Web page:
Finally, top-down asset allocation by investors became skewed. In contrast to the previously mentioned inflows into the bond market, the equity market struggled with outflows in both 2011 (approximately $128 billion) and 2012 (approximately $153 billion).8 In fact, outflows between 2007 and 2012 totaled approximately $600 billion.9 Reasons for the exodus aside, the magnitude of these flows in context of the flows into the bond market indicate that investors were incrementally investing their portfolios in bonds while the economy grew and corporate returns were robust.

Lessons Learned from the Summer of 2013

The Federal Reserve’s rhetoric this summer concerning its desire to reduce, and eventually remove, Quantitative Easing exposed the risks within this new investment scheme. Just before that rhetoric began, the ten-year Treasury dipped to 1.63%.10 The ten-year Treasury has had a historical relationship with both the rate of inflation and the rate of GDP growth, but this yield dramatically violated both associations. Annualized GDP growth in the first quarter of 2013 was 1.8%.10 Based on historical relationships, this level of growth should have led to a ten-year Treasury rate of approximately 3.3%, or 1.5% above GDP growth.10 Similarly, the inflation rate ranged between 1.0%-1.5%, and with history as a yardstick, this should have led to a ten-year Treasury rate of 3.0%-3.5%.10 In addition to the ballooning size of the Federal Reserve’s balance sheet, this outsized disruption in the markets necessitated a change.

The possibility of a reduction in stimulus by the Federal Reserve once again shifted the evaluation of risk and reward, and investors briefly took note of where they stood on the risk spectrum. This realization pushed investors toward the exit, causing values to plunge and yields to spike higher. Between May 1st and August 31st, the Barclays U.S. Aggregate Bond Index lost 3.81% of its value.11 The impact was even more severe in the high yield markets, where values fell 5.36% during the most intense portion of the summer (but finished August down only 2.33%).9

The risk embedded within many fixed-income funds quickly went from latent to active, as funds more heavily reliant on riskier assets, derivatives and leverage dramatically underperformed the market. The data perfectly demonstrate the risk within these funds: from May 1st to August 31st, when the market was most concerned about rising interest rates, the ten largest intermediate-duration bond funds lost an average of 6.51%.10 Recall that the Barclays U.S. Aggregate Bond Index lost 3.81% during the same period, and the Bloomberg High Yield Corporate Bond Index lost only 2.33%. All of the largest funds use both derivatives and leverage—in some cases up to 30% of the portfolio. While these tools certainly pushed returns higher during the post-recession euphoria, these same features amplified losses in a rising rate environment. Perhaps most importantly, these returns demonstrate that there are major discrepancies in risk profiles between funds.2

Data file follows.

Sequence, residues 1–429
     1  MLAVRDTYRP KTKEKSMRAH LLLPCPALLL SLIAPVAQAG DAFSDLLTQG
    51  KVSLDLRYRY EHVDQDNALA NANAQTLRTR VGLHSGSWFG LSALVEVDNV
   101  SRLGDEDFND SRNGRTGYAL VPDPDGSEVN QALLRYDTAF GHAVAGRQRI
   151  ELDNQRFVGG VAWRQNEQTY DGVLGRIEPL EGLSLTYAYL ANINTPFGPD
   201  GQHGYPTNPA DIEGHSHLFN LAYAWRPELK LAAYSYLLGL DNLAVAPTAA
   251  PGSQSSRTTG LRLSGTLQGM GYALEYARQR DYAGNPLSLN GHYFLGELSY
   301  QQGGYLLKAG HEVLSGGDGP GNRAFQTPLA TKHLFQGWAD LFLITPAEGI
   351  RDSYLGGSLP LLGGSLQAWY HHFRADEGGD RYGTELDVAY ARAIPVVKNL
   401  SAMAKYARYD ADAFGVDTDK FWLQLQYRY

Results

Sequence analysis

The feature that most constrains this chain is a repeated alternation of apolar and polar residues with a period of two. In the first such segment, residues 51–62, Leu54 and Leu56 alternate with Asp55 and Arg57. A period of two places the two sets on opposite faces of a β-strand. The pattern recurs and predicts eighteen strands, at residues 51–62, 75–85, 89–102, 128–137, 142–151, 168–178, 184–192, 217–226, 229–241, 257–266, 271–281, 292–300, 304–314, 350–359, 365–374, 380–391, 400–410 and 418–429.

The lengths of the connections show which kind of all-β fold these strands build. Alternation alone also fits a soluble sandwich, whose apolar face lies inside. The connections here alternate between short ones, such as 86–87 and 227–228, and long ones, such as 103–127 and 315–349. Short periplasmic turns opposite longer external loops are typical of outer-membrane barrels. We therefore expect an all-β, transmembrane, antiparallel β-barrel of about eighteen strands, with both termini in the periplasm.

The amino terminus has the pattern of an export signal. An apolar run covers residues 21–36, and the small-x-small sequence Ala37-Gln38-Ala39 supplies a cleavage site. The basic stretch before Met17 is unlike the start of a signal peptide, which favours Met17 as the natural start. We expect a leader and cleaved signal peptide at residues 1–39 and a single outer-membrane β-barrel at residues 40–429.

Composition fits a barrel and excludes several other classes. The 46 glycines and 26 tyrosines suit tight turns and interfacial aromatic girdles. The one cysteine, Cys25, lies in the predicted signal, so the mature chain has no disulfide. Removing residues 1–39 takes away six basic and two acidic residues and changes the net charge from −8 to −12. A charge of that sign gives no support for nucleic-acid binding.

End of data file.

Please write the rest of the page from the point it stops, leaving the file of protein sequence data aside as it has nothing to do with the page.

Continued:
“...funds more heavily reliant on riskier assets, derivatives and leverage dramatically underperformed the market.”

Since non-traditional funds saw notable inflows during the autumn, it raises concerns that certain investors may not be aware of these differing risk profiles and, therefore, could be exposed to a repeat of last summer’s events.

A Return to Traditional Bond Investing

The basis of bond investing lies in the return of capital and the collection of income—it dictates the structure of indentures offered in the market and has provided stability for centuries. Inherent to this structure is the fact that, under normal market conditions, investors should expect to earn only the income provided by the bond itself. The goal of an actively managed fund is to add additional returns through the selection of well-priced bonds, or bonds expected to outperform peers over the intermediate-term. It is this tenet that provides the benefits of fixed-income investing: capital preservation and income generation.

Because fixed-income returns are naturally range-bound, outsized capital appreciation is usually only achieved and sustained via bond investments when risk is added, thereby negating the goal of capital preservation. In short, the same features that amplify returns in an appreciating market then accelerate losses in a depreciating market. Instead, investors should seek capital appreciation through equity investments since coupons are not preset, and investors can fully participate in earnings growth.

“Outsized capital appreciation is usually only achieved and sustained via bond investments when risk is added, thereby negating the goal of capital preservation.”

In a parallel to the housing market, it was leverage and risk-taking that finally exposed the fixed-income market’s weaknesses. Leverage is detrimental to assets designed to preserve capital—it can magnify the wrong thing at the wrong time, and is especially difficult to control.